They applied to the concerned department of the government following all regulations for forming a labour union in the factory in 2017. The department tried to find loopholes in the application for months. They were not allowed to form the union though they applied three times, amending all the mistakes. But the workers interested to form the union were sacked gradually. The factory was eventually shut down.

The workers staged demonstrations against the decision. Bangladesh Garment Manufacturers and Exporters Association, the apex body of the apparel sector, got involved in the matter. A case was filed against nine labour leaders on 9 April 2018. They were sent to the jail when they appeared before the court seeking bail. Though the High Court granted them bail, they still have to turn up at court.

Ashiana garments factory is an example of how the situation becomes complex if the normal labour rights as stipulated in the labour law are not allowed to be practiced.

Garments workers leader and photographer Taslima Akhter thinks the same. Taslima got involved in a movement against slum eviction and migrant labourers when she was a student of Dhaka University. Later she become involved in the movement for ensuring rights of readymade garment workers.

She believed and still cherishes the belief that democratisation of the industry will help growth of democracy in the country. But, Taslima said, the situation at a field level has been hampering normal work.

Taslima thinks it is possible to restructure the garments sector using honest labour organisers instead of depending on the administration or any other force. But the opposite is happening. Owners call their pet forces or the administration whenever the workers try to raise their demands.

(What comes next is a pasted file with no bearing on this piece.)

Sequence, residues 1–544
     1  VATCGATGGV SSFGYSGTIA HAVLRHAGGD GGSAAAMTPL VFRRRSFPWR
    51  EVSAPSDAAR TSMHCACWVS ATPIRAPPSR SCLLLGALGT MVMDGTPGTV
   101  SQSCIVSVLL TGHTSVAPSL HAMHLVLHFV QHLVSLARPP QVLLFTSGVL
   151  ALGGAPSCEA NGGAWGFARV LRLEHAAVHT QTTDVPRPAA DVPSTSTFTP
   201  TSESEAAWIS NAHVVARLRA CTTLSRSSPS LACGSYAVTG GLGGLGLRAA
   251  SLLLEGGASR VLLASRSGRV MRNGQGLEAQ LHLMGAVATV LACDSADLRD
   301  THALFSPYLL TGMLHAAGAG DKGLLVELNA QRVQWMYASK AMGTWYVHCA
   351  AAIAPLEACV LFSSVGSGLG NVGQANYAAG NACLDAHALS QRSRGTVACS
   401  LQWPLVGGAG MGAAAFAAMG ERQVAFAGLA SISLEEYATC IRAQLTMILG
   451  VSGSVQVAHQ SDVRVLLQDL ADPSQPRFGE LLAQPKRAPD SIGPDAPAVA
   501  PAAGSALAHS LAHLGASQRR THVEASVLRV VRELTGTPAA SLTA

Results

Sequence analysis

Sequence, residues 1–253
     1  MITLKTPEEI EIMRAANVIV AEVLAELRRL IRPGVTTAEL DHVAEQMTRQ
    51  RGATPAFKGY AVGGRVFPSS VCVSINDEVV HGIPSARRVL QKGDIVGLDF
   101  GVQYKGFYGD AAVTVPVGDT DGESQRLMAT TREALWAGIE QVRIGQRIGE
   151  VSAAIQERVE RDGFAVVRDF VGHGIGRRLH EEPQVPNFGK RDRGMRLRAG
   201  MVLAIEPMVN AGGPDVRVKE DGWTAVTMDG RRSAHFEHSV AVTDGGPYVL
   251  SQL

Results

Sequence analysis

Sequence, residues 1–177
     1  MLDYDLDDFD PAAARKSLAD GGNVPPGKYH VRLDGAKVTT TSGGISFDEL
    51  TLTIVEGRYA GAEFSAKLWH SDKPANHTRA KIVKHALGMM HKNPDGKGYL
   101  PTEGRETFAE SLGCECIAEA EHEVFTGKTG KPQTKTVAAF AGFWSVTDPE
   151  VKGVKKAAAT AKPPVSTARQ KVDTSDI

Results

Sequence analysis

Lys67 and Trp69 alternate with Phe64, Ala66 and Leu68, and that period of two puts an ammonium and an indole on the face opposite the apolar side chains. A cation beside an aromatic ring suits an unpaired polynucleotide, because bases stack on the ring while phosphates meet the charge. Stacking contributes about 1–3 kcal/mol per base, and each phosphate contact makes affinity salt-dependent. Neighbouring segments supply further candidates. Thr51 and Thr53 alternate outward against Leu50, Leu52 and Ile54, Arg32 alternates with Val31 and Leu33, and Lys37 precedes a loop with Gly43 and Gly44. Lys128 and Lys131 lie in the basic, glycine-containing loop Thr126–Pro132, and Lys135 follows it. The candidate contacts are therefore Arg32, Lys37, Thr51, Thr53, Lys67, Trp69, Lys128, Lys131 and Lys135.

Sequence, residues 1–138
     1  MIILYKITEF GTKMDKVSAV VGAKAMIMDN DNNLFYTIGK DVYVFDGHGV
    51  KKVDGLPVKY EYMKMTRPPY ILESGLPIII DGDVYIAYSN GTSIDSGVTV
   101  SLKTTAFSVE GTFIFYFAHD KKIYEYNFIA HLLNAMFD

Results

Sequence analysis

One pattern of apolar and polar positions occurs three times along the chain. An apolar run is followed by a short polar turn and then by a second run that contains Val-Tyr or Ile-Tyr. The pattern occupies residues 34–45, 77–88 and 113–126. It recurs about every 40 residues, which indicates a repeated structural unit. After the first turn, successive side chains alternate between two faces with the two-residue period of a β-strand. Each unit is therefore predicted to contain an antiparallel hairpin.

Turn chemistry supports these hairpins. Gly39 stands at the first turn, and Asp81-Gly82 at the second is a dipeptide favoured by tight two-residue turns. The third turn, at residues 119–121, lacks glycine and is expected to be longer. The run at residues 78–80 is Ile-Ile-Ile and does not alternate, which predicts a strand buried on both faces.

She also alleged that sometimes they are not allowed to hold media conferences in Dhaka about the demonstrations in Ashulia. Workers of factories in Ashulia, Savar and Dhamrai were not allowed to organise any programmes except observing May Day in the last two or three years. The landlords are forbidden to rent out premises to the organisations. The relatives of organisers also face threats, she said.

People like Joly Talukder, Taslima Akhter and Soumitra Kumar can be an alternative to the damaged image of Bangladesh’s workers situation. These youths, with high education, patriotism and welfare-minded for the workers, could have been a better choice for negotiating with the owners.

The interests of owner and worker are contrary to each other in capitalism. Economic matters, however, are resolvable through tripartite negotiation under the jurisdiction of the labour law and this is happening in other countries.

Bangladesh also had that tradition. This is happening is many sectors of the country too. But, violence, pet labour organisations and false propaganda are the alternatives to Joly, Taslima and Soumitra in the readymade garments sector now. As a result it is not possible for the protesting workers in Savar, Ashulia and Dhamrai to be properly represented. And this does not seem likely in the offing.

Is it possible to create a peaceful industry sector through violence? Is there any such sustainable example in the world?

*Altaf Parvez is a researcher. This article, originally appeared in the print edition of Prothom Alo, has been rewritten in English by Shameem Reza.